'The Horned Man' is laced with references to Kafka, and indeed heavily inspired by the works of that esteemed literary legend. That's not a bad thing.'The Horned Man' is laced with references to Kafka, and indeed heavily inspired by the works of that esteemed literary legend. That's not a bad thing. But if you're familiar with Kafka, you probably see what's coming from a mile away. No matter - the story will likely hook you all the same. Lasdun crafts the story with such tension, it would be hard to put this book down and fail to pick it back up again - unless you're the type of reader who prefers plots to be neatly wrapped up at the end. As a fan of literature that makes you think about the story and the characters long after you've read the last page, I loved the ambiguity.
Lasdun writes in a relatively spare style that is peppered with stunning description and analogies. "And then, delaying it until the last possible moment, she would let me lead her to the low-vaulted, thick-doored opening of the plane, pausing before it, as one might before the charged darkness of a sacrificial chapel, glimpsing through the divide of the curtain, the immense, green-lit zodiac of the pilot's console; the whole vehicle humming as if possessed by diabolic forces."
As with most of the things I like, 'The Horned Man' is not everyone's cup of tea, but I thoroughly enjoyed it and will look for more of Lasdun's work....more
Upon reading the last page in the title story, ‘Runaway’, which opens the book, I was so hooked that I tore through the remaining stories in record tiUpon reading the last page in the title story, ‘Runaway’, which opens the book, I was so hooked that I tore through the remaining stories in record time.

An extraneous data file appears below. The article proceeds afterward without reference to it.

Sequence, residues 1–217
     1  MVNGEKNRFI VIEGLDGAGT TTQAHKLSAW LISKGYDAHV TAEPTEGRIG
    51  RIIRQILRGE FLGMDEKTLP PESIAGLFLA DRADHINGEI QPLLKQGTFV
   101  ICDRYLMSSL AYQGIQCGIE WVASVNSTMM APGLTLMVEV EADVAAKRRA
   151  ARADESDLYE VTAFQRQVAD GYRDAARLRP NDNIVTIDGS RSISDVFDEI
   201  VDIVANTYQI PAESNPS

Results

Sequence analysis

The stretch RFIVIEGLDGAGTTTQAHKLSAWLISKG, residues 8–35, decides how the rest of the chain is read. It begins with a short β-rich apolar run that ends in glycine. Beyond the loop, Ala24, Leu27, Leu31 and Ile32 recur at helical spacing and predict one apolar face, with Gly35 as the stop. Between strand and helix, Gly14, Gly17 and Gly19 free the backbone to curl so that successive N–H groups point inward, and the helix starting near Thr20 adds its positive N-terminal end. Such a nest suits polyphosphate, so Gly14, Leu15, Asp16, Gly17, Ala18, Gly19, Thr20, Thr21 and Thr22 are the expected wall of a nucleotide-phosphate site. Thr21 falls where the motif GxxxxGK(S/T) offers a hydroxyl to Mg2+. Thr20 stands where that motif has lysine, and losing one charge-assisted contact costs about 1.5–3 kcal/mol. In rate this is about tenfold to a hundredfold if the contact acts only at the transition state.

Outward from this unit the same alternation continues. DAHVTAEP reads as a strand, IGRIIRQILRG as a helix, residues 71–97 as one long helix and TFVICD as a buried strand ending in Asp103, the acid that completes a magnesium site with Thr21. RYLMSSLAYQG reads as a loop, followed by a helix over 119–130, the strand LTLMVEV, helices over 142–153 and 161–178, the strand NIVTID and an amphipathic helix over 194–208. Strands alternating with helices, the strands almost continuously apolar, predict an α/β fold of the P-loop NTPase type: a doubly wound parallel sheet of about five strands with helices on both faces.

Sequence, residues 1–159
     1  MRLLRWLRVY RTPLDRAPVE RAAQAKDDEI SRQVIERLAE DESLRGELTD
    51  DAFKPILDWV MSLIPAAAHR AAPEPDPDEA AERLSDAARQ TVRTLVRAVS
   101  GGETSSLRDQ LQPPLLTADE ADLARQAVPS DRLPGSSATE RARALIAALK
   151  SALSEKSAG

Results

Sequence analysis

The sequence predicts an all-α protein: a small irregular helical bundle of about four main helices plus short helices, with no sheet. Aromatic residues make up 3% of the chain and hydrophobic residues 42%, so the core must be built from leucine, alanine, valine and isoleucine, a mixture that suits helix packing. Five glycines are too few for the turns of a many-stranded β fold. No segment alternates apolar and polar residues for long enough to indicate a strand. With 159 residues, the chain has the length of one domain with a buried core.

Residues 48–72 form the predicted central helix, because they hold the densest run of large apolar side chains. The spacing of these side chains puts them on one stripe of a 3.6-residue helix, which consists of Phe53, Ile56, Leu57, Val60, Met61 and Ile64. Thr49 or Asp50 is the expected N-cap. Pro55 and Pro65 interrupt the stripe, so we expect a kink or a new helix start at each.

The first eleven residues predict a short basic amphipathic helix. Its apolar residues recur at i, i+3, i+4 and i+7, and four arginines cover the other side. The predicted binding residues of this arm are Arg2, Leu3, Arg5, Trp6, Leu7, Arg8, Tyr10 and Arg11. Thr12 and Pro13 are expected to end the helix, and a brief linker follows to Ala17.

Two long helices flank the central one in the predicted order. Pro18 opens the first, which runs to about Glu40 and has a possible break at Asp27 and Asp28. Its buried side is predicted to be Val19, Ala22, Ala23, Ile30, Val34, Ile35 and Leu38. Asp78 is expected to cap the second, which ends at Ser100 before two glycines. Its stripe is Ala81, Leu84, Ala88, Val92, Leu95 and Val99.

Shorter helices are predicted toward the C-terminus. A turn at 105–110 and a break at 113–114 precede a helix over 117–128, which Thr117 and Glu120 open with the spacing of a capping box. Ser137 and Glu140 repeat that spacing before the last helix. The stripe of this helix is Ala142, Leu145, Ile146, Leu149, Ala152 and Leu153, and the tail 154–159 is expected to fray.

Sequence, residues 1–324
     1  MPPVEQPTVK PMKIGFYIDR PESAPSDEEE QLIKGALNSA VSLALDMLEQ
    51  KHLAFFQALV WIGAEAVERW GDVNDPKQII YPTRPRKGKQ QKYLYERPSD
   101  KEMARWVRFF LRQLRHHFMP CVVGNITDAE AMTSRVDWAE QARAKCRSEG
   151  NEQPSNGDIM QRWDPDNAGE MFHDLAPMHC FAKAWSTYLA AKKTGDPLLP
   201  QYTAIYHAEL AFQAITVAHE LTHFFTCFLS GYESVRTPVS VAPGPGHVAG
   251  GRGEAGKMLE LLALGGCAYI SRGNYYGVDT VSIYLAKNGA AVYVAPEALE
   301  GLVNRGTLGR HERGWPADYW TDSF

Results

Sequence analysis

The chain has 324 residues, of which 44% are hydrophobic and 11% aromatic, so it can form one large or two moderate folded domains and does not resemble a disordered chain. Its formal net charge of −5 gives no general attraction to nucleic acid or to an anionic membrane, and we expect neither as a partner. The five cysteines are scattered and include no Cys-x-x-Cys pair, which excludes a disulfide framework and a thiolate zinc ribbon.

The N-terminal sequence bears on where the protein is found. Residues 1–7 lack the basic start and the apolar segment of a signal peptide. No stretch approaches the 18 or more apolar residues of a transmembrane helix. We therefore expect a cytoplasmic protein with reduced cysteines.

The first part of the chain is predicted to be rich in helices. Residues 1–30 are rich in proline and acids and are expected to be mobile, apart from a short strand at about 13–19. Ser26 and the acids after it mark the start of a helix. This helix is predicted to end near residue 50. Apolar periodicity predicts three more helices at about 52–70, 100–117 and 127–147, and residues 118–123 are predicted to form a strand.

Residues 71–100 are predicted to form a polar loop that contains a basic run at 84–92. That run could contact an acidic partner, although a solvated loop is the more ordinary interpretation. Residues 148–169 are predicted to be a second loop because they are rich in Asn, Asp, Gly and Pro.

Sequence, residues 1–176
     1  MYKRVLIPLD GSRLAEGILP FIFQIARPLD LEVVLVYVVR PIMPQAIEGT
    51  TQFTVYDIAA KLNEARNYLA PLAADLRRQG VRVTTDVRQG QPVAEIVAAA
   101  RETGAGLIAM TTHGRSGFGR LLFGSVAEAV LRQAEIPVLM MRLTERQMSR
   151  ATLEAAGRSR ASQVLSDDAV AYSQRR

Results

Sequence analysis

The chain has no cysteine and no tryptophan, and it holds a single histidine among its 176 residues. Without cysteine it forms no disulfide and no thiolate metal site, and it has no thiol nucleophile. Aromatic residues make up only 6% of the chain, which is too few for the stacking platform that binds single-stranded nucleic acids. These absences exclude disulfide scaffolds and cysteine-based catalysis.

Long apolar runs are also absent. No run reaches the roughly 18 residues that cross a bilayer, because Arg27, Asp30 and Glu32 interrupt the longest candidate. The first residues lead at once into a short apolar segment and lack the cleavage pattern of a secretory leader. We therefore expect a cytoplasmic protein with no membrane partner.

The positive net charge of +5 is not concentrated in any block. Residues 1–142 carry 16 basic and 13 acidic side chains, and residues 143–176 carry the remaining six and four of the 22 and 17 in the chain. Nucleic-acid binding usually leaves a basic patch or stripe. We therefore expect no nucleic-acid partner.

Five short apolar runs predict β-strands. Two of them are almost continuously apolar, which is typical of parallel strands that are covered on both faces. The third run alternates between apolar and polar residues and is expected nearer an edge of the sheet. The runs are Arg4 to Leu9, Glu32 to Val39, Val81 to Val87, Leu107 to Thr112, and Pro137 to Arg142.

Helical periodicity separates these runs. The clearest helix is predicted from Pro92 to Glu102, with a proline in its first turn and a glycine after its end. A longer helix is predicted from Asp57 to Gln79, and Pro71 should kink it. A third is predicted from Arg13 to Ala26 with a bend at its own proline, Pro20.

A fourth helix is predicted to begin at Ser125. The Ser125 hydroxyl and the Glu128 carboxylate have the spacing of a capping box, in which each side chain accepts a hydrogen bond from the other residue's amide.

Like most short story collections, ‘Runaway’ is difficult to summarize. You could say it’s about love in its many forms and how complicated our relationships can be – not just with romantic partners but with parents, children and friends.
Munro is truly a master at her craft, and what not only tugged at me while reading but kept her stories on my mind long after putting the book down was a combination of two particular skills. Characters are fleshed out in such juicy, believable detail (which can be difficult to accomplish in just a few dozen pages!) that you feel an emotional connection to them very quickly. And then – when Munro hits you with the inevitable consequences to that character’s choices – you’re gutted. You can’t stop thinking about the character, analyzing what happened to her and wondering what came next. At least, that’s how it went for me after every single story.
Some short story authors write with such ambiguity that you’re not even exactly sure what happened; you’re asked to unravel a mystery yourself based on insufficient evidence and often left bewildered. Munro, on the other hand, takes you by the hand through a character’s life as she is confronted with challenges that may be banal or extraordinary – whether facing estrangement with her only child, or going on an unexpected and bizarre outing with a man she just met and narrowly escaping with her life. The consequences aren’t always dramatic. They can be subtle and vague, shrouded in the kind of mystery that similarly envelops us all as we make one seemingly small choice that pitches us head-first into a whole new path in life – and we, like the characters in the story, will never know how things might have been otherwise.
Though categorized as ‘literary fiction’, Munro’s work avoids flowery self-indulgent prose or overt attempts at a ‘unique voice’. It’s as if she’s expertly painting the scene around you as you follow the character; you’re so absorbed in the action that you don’t need a three-paragraph description to give you a lucid sense of a tiny coastal town near Vancouver or an aging mental institution in Michigan. You get the picture anyway. Perhaps that’s why Munro only writes short stories; she manages to be both vivid and succinct.
Munro is far more famous in her native Canada than here in the States, and that’s a shame – not only because she deserves the recognition, but because American readers are missing out. After reading ‘Runaway’ I’m adding several more of Munro’s works to my queue....more